The Other 13th Amendment(s)

I’ve been doing a bit of reading here and there, and have come across some references to three amendments to the U.S. Constitution which were bandied about, but never actually introduced in the Congress. Each of them, if they had been enacted, would have become the 13th Amendment.

I wonder if anyone can point me to a source that would give me the texts for these alternate universe “13th Amendment(s).”

First, a draft amendment around 1804 that President Jefferson was thinking about, to ratify the purchase of the Lousiana territory. At the time, there was a respectable body of thought that questioned whether the U.S. Constitution authorised the purchase. Jefferson apparently toyed with the idea of a constitutional amendment to settle the issue, but ultimately concluded he didn’t need it. I don’t think it ever got introduced into either House of Congress.

Second, an amendment dealing with the prohibition of titles of nobility, considered around 1815, that would have gone farther in some way than the provision in Article II, s. 10, which only prohibited states from granting titles of nobility. This one may have been introduced in Congress. (Note - this phantom amendment pops up from time to time on “patriot” websites, so it may just be a myth.)

Third, an amendment proposed as a last ditch effort to prevent the secession of the southern states, which would have expressly guaranteed slavery as a contitutional right. I don’t think this one was introduced in Congress. (Note - if such an amendment was seriously proposed, it would have clear implications for the “what caused the Civil War” debate. Please, if you want to natter on about that yet again, start a thread in GD. I’m just interested in the facts that answer my question.)

So, were all or some of these myths, or was there actually some consideration for them? And if they actually were considered, where could I find the texts of the proposals?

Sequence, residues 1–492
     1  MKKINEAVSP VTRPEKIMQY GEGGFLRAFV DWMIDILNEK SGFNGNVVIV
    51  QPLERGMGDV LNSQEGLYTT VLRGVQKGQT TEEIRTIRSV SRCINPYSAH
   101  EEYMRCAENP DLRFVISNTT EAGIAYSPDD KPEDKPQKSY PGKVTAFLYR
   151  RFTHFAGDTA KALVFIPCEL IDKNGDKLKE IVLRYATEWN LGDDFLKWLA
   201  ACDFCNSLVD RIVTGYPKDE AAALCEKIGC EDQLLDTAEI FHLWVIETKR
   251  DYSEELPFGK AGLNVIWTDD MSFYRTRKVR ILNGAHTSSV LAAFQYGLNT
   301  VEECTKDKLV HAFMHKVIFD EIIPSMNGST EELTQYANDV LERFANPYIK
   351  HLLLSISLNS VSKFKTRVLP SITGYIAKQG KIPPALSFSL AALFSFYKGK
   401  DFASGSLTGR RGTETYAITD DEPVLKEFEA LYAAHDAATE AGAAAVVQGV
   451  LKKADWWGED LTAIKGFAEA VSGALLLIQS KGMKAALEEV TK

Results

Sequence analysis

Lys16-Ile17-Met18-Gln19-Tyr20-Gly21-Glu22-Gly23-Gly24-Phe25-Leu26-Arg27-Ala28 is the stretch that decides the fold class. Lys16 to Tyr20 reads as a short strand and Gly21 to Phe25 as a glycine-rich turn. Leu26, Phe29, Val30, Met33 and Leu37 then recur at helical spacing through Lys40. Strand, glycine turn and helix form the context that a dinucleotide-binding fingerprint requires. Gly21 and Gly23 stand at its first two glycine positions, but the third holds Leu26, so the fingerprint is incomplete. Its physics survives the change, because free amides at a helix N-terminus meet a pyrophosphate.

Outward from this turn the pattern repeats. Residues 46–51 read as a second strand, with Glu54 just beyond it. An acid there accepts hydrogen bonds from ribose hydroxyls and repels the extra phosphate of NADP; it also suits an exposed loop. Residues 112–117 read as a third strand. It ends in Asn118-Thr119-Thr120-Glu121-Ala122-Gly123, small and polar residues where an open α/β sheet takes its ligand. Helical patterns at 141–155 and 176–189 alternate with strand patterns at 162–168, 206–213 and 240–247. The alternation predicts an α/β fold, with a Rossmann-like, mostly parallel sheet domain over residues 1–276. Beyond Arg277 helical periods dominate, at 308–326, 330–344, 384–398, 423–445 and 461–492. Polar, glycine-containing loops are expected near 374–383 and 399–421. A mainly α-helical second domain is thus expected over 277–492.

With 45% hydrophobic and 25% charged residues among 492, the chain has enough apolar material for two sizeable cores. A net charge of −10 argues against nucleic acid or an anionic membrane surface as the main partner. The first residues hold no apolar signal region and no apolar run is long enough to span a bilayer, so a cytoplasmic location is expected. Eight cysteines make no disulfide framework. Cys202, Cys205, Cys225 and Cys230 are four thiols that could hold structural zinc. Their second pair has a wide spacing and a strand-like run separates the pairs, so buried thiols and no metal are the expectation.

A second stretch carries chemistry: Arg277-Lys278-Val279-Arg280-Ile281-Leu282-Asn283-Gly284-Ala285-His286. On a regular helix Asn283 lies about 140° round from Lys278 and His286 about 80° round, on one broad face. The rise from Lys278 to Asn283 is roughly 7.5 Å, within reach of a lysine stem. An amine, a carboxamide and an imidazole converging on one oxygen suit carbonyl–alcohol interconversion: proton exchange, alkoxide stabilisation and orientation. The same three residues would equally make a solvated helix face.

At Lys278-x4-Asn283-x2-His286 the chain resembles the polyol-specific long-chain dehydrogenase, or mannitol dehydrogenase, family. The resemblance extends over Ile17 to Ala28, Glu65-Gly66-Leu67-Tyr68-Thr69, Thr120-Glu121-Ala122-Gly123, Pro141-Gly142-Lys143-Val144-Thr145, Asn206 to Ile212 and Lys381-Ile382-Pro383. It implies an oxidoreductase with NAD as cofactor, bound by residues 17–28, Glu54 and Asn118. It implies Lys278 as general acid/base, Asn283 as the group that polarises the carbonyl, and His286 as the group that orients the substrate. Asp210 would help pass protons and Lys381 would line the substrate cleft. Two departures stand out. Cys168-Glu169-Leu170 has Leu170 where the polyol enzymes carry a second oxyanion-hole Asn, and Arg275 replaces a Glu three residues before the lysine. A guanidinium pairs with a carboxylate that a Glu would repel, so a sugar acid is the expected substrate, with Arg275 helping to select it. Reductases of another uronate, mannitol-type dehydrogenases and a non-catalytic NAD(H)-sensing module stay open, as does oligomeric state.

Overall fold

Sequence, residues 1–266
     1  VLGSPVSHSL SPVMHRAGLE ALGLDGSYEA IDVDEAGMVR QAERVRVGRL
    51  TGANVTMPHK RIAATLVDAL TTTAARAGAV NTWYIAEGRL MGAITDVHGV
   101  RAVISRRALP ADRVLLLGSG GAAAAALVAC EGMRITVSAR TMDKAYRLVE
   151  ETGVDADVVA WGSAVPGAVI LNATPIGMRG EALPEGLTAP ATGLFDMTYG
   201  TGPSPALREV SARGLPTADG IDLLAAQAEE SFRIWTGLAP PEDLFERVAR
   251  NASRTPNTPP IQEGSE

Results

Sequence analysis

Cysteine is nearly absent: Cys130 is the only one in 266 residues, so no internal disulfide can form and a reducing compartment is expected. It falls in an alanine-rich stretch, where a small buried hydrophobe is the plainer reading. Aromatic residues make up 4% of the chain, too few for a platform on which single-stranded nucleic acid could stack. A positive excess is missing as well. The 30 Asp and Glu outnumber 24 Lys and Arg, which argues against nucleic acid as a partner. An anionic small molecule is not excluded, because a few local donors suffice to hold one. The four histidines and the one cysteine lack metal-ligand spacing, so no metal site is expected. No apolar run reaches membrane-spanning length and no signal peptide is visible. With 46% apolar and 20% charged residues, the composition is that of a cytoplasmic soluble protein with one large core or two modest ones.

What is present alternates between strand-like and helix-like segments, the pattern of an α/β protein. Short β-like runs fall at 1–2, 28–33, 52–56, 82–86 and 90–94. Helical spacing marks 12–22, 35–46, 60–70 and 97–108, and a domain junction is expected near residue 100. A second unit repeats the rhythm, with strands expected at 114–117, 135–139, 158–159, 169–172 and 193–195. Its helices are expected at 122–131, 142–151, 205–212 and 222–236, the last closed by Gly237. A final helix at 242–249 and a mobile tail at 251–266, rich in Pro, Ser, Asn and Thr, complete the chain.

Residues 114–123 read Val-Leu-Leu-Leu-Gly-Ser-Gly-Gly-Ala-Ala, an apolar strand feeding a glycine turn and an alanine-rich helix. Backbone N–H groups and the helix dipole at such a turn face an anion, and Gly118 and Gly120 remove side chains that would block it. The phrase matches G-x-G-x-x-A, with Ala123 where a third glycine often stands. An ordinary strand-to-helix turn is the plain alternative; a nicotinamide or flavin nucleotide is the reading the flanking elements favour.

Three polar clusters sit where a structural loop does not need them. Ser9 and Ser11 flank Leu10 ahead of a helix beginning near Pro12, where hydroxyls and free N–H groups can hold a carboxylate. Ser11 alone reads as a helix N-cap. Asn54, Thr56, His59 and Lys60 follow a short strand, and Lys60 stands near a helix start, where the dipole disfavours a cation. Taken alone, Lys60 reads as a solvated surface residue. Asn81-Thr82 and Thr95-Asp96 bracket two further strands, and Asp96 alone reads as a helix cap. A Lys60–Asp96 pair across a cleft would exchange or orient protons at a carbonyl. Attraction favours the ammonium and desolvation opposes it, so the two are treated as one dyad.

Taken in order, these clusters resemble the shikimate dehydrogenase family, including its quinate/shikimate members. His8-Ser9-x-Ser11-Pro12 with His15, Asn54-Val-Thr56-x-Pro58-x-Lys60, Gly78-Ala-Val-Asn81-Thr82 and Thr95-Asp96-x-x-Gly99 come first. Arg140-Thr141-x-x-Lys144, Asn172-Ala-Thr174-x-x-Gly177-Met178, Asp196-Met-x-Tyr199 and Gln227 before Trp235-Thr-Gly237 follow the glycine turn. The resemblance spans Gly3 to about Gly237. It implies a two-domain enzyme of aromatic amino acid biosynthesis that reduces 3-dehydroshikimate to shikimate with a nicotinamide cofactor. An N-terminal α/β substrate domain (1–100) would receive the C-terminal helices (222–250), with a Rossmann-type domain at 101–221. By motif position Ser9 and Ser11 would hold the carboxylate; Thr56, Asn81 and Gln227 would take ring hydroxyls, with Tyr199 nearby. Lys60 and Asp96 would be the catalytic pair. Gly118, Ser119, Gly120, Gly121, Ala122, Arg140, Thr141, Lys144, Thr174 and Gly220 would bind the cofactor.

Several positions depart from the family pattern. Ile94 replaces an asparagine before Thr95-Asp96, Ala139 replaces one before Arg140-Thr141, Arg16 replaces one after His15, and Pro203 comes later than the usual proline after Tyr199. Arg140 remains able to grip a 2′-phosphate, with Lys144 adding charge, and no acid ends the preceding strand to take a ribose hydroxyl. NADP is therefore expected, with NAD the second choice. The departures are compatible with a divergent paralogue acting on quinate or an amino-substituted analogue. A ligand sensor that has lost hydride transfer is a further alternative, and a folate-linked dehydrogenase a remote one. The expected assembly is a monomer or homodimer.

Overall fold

Check out [this site]( - 70k)
for your second point. I’m still looking for the others.

Try this site (especially at the bottom) for texts references that may have the wording for the Louisiana amendment.

And this site for the pro-slavery amendment.

Whew! Hope that helps, jti.

This bring up an interesting question. Is it constitutional to pass an amendment that expressly forbids specific other amendments? What about forbidding repealment of an amendment? (IE: a new amendment banning say guns, with the proviso that the amendment can never be repealed or an amendment banning abortion with a proviso that no amendment can ever allow it).

Again, as an outsider here, I’d say they came close to doing just that. Check out,
where they say Amendment 12 was modified by Amendment 20, and Amendment 14 by Amendment 26.

I’d say (WAG) that anything can be repealed with enough votes in Congress, Senate and among the state legislatures. Even the act of repeal itself. Scary stuff.

Both the noble-titles amendment and the slavery-guarantee amendment were officially proposed by both houses but not ratified by the states. There have been a total of six such proposed but unratified amendments:

  1. regulating the number of congressmen [1789]
  2. revoking US citizenship for those who accept foreign titles [circa 1791]
  3. prohibiting the banning of slavery [1861]
  4. giving congress the right to ban child labor [1926]
  5. giving equal rights to women [1971-72]
  6. granting congressional representation for the District of Columbia [1978]

See the earlier thread Seventeen amendments in the Bill of Rights

The subject of what can be amended in the Constitution turns up a lot in GD.

Article V, which spells out how the US Constitution can be amended only listed two specific matters that couldn’t be amended.

  1. No amendment regarding the abolition of the slave trade could be adopted prior to 1808.

  2. No state, unless it consents, can lose its equal suffrage in the Senate.

Thanks for the commments and links, everyone.

As far as I can tell, Thos. Jefferson thought about an amendment, but didn’t go so far as to introduce it - there may be a scribbled draft in his papers somewhere, but that’s it.

I hadn’t realised the slavery amendment got so far as it did - I thought it was just one of the ideas proposed at that final conference in Washington before the secession started. Whew! glad it fizzled!